I remember clearly when my teacher Tony Sanchez told us, "some poses you don't teach, you just keep them for yourself." It baffled me at the time. Why wouldn't I share what I was doing? If I am finding value in a practice, why wouldn't I offer it to my students?
The idea of secrecy dates back to early yoga texts. Many writings contain general tenets of yoga but no specifics of practice or progress. They leave the reader with a curiosity about this practice, but one must still seek the guidance of a knowledgable teacher to learn the details.
I have heard several reasons for this type of secrecy, but two seem to be the most significant: retaining power and therefore monetary value, and safety, as many intermediate and advanced practices can be very dangerous.
If we offer the bare bones of knowledge, we maintain control over the stream of information. With this control we can keep people coming back for more. More classes, more products, more seminars, etc. In fairness, there is a lot of knowledge out there, more than can be revealed and understood in even decades of daily classes. Still, there are those who use this bottleneck of information to their advantage, for power, prestige and money.
Others control the trickle of knowledge to their students for the safety of the students. In yoga there are many postures that can injure even a more advanced yogi. Also there are more advanced yogic practices like breath control, concentration and devotion that, without great care, can go terribly awry, causing headaches, heart strain, emotional imbalance and obsession. These are outcomes we would rather avoid.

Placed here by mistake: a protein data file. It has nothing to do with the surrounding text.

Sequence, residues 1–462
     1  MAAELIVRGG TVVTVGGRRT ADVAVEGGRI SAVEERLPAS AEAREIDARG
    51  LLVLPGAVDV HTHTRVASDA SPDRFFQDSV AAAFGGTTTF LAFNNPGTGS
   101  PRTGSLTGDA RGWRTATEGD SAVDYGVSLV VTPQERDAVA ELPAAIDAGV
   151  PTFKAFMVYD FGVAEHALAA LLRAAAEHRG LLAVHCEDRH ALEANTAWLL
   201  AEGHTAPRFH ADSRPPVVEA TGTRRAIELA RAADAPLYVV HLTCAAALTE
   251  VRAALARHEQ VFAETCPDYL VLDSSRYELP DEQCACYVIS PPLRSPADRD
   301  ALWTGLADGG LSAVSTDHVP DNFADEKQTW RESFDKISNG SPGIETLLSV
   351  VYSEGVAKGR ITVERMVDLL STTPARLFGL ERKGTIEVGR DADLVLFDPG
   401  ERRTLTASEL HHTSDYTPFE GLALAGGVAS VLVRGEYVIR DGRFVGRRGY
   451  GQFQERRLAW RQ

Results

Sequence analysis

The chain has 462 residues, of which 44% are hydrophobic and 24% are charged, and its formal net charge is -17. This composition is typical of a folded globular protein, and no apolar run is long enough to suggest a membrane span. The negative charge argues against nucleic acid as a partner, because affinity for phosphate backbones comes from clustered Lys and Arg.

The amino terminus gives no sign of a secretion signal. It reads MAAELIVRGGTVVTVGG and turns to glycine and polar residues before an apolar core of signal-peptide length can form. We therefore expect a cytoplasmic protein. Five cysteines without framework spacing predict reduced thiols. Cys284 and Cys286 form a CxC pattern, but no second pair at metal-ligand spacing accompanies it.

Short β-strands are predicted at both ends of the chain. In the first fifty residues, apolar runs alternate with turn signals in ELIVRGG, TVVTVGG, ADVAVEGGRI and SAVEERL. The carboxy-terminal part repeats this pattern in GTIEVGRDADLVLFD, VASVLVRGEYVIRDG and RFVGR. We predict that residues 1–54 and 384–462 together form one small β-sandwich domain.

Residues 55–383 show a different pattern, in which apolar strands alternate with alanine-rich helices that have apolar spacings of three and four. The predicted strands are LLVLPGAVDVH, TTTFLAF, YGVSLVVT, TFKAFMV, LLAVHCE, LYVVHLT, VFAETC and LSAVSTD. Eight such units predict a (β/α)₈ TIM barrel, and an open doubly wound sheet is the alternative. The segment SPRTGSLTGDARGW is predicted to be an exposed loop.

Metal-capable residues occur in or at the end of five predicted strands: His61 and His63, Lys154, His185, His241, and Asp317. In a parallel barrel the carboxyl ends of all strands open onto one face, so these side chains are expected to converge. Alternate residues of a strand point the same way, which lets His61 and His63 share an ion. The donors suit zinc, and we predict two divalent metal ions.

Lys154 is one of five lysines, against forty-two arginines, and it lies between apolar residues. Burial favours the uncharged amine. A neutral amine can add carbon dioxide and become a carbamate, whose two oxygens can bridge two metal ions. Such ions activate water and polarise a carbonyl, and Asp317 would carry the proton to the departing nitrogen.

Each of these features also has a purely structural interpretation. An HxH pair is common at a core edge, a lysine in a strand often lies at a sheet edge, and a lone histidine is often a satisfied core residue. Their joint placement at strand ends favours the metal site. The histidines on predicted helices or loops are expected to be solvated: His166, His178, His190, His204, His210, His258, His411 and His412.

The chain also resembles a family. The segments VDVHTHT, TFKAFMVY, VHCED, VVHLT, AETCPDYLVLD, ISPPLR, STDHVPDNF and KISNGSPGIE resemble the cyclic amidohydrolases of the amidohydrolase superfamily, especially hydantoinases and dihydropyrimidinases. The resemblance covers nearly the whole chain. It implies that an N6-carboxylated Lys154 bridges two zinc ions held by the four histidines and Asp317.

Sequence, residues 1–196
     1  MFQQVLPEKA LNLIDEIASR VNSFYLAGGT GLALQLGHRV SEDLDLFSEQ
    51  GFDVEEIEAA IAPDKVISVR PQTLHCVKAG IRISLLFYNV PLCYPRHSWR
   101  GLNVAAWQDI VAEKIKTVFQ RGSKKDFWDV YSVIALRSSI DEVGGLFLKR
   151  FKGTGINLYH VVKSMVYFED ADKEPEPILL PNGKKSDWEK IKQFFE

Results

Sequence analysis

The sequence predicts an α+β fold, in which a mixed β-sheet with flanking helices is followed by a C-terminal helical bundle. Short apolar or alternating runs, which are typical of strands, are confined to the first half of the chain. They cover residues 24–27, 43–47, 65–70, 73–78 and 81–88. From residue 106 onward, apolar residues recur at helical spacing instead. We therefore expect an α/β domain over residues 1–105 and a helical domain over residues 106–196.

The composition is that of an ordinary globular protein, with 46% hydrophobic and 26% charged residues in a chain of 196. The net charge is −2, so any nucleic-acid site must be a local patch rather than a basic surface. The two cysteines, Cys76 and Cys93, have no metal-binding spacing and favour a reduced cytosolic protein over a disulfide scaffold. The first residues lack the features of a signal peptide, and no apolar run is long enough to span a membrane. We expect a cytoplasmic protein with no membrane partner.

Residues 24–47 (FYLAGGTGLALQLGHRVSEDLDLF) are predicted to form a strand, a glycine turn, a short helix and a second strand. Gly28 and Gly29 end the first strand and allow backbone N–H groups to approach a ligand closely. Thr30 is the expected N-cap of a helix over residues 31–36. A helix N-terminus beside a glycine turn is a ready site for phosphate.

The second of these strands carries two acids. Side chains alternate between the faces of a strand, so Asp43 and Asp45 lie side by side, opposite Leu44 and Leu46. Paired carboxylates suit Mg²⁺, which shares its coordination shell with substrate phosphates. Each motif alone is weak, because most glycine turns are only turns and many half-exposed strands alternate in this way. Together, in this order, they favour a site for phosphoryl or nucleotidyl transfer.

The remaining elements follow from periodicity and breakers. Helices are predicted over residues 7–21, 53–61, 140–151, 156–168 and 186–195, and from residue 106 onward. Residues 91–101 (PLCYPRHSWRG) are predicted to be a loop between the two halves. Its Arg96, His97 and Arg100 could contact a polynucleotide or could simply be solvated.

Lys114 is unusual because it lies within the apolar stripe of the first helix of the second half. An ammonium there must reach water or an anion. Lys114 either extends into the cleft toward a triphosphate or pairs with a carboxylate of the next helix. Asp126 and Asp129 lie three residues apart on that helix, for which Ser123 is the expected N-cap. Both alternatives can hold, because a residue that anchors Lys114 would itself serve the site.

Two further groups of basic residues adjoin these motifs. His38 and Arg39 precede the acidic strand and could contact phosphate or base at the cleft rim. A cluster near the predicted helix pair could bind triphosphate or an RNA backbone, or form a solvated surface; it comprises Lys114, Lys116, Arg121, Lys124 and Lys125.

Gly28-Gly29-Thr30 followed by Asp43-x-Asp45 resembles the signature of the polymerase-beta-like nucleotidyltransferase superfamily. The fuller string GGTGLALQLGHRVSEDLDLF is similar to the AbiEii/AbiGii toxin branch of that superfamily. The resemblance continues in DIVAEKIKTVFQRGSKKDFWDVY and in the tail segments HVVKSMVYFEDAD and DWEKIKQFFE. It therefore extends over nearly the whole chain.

I think that Tony was mostly referring to safety when he told us not to teach everything we practice. Also I think he was talking about what it means to be a good teacher. Part of being a good teacher is offering what is beneficial to the student, and that is rarely the same thing that is good for the teacher.
Each student is unique, with a unique history, body and mind and at a specific point in their progress. We as teachers need to recognize and address the student where they are at each moment. If we offer what is working for us at the moment, it is likely that we are overlooking what may be beneficial for the student. A difficult balance, no doubt, but an important one.
This journal honors my ongoing experience with the practice, study and teaching of yoga.
1) Sridaiva Yoga: Good Intention But Imbalanced
2) Understanding Chair Posture
2) Why I Don't Use Sanskrit or Say Namaste
3) The Meaningless Drudgery of Physical Yoga
5) Beyond Bikram: Why This Is a Great Time For Ghosh Yoga